The Drug Enforcement Agency (DEA) has issued a Public Warning regarding a growing number of fake pills bought online that are being laced with potentially lethal amounts of the synthetic opioid fentanyl. In addition, an animal tranquilizer, xylazine, has been recorded in a number of deaths nationwide recently.
There have been 34 confirmed overdose deaths in Kankakee County this year with five additional cases pending final toxicology. 28 of the 34 overdose deaths this year have been attributed to fentanyl and two of the deaths have also included xylazine.
Some of the most common counterfeit pills are made to look like prescription opioids such as oxycodone (Oxycontin®, Percocet®), hydrocodone (Vicodin®), and alprazolam (Xanax®); or stimulants like amphetamines (Adderall®).
Fake prescription pills are widely accessible and often sold on social media and e-commerce platforms – making them available to anyone with a smartphone, including teens and young adults.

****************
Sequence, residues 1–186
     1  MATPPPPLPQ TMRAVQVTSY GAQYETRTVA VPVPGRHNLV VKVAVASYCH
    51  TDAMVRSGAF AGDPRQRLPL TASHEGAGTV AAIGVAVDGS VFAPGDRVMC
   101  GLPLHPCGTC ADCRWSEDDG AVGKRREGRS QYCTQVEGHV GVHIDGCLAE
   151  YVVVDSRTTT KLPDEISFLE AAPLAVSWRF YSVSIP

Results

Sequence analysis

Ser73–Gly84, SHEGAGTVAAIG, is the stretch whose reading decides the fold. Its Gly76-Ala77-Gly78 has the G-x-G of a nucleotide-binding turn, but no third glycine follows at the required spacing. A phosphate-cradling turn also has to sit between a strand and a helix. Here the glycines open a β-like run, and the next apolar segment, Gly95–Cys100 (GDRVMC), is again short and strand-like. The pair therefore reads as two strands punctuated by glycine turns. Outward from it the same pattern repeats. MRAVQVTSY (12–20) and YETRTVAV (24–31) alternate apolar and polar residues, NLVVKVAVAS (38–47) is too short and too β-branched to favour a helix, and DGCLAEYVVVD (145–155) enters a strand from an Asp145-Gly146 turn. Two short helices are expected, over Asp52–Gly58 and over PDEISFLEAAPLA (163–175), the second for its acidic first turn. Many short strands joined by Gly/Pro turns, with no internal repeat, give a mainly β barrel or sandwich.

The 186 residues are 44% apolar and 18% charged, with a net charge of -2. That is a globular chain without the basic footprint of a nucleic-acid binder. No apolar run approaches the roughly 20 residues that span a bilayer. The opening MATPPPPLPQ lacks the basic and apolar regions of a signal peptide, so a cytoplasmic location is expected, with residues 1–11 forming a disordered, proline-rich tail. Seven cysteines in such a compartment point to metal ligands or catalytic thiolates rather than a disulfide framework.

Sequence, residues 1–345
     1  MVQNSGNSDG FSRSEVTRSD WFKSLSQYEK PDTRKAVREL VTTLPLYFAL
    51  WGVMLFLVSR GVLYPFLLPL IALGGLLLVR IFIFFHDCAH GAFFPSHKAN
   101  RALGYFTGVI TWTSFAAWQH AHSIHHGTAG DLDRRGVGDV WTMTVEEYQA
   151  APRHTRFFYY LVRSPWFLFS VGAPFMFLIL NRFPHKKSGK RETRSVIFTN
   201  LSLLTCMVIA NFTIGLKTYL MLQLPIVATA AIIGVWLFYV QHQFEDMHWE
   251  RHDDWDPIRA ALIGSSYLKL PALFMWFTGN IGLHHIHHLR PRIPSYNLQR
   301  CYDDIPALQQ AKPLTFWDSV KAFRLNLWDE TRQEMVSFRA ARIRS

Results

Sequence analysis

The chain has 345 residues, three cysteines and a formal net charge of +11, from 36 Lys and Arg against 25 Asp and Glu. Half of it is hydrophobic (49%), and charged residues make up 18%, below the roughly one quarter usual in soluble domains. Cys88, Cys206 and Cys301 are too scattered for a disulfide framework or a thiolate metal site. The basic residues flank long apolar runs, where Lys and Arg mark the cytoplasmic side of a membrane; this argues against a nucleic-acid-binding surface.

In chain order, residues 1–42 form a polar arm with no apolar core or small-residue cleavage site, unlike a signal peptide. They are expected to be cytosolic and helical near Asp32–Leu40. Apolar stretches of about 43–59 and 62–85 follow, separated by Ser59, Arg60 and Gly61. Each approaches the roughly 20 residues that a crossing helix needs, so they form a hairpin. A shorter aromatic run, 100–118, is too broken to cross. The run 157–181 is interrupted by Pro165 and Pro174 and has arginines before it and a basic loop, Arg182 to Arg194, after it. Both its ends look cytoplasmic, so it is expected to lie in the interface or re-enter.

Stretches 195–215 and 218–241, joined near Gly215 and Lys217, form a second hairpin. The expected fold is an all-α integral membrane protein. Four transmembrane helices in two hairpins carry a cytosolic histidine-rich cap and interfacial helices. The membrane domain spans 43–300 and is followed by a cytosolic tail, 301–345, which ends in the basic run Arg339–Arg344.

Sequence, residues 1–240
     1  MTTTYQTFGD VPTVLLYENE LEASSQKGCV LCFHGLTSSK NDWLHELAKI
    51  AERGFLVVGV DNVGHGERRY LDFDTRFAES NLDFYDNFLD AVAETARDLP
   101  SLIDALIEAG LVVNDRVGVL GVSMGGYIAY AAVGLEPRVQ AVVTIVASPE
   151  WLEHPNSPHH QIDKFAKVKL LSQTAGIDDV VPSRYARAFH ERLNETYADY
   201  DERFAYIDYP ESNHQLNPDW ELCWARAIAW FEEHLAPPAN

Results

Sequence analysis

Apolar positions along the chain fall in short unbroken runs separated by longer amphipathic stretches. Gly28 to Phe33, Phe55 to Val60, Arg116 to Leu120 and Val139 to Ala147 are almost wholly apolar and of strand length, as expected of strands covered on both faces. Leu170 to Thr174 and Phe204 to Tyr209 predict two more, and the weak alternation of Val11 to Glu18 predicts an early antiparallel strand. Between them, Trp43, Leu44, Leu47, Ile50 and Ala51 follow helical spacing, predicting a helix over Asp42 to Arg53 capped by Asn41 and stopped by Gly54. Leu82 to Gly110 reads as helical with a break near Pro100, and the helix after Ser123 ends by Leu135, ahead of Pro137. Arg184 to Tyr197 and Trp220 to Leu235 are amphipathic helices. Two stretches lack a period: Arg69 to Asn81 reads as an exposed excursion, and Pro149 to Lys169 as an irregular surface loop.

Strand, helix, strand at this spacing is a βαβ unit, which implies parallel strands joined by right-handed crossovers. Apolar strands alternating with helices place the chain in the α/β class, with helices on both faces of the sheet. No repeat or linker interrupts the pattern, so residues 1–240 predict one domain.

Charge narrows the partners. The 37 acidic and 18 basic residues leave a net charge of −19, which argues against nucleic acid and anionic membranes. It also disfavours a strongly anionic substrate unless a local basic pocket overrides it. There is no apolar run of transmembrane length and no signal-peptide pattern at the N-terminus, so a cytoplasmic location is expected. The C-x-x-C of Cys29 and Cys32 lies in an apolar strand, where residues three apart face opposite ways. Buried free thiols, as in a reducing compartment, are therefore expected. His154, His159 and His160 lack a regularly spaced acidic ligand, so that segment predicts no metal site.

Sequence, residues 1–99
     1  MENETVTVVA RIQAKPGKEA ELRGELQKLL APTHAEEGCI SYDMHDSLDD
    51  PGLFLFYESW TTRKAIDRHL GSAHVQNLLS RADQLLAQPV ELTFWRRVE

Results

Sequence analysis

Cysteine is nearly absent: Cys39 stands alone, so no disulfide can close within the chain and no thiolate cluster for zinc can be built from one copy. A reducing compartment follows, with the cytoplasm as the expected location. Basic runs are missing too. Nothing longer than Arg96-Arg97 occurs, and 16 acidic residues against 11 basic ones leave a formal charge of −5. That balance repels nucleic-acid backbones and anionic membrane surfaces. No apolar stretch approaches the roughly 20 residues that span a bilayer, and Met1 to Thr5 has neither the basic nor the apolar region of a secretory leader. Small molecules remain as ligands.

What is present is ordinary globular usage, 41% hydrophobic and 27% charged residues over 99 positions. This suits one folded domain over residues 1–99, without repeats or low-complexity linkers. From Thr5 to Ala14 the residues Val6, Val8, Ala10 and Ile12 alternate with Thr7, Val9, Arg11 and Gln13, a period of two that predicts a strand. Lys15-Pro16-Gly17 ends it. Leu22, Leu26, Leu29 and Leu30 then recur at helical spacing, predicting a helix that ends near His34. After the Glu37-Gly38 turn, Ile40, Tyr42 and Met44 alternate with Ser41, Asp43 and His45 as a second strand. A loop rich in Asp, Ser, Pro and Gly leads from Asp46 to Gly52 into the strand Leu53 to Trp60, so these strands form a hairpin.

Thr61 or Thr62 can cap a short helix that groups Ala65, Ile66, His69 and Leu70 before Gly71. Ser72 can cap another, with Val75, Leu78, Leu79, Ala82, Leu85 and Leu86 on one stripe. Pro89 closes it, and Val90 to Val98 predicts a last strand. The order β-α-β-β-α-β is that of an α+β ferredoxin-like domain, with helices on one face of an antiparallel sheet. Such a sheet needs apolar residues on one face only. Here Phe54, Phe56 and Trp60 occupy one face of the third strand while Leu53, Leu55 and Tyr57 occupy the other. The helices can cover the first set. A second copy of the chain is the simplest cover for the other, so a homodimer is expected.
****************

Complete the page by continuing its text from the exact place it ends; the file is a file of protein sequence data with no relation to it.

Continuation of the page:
These counterfeit pills have been seized by DEA in every U.S. state, and in unprecedented quantities. The Drug Enforcement Administration warns the American public of the alarming increase in the lethality and availability of fake prescription pills containing fentanyl and methamphetamine. International and domestic criminal drug networks are mass-producing fake pills, falsely marketing them as legitimate prescription pills, and killing unsuspecting Americans.
These counterfeit pills are easy to purchase, widely available, and often contain deadly doses of fentanyl. Pills purchased outside of a licensed pharmacy are illegal, dangerous, and potentially lethal.
This alert does not apply to legitimate pharmaceutical medications prescribed by medical professionals and dispensed by pharmacists.
The only safe medications are ones prescribed by a trusted medical professional and dispensed by a licensed pharmacist. Any pills that do not meet this standard are unsafe and potentially deadly. DEA has launched the public awareness campaign, One Pill Can Kill, to educate the public on dangers of counterfeit pills and how to keep Americans safe. For more information, visit DEA.gov/onepill.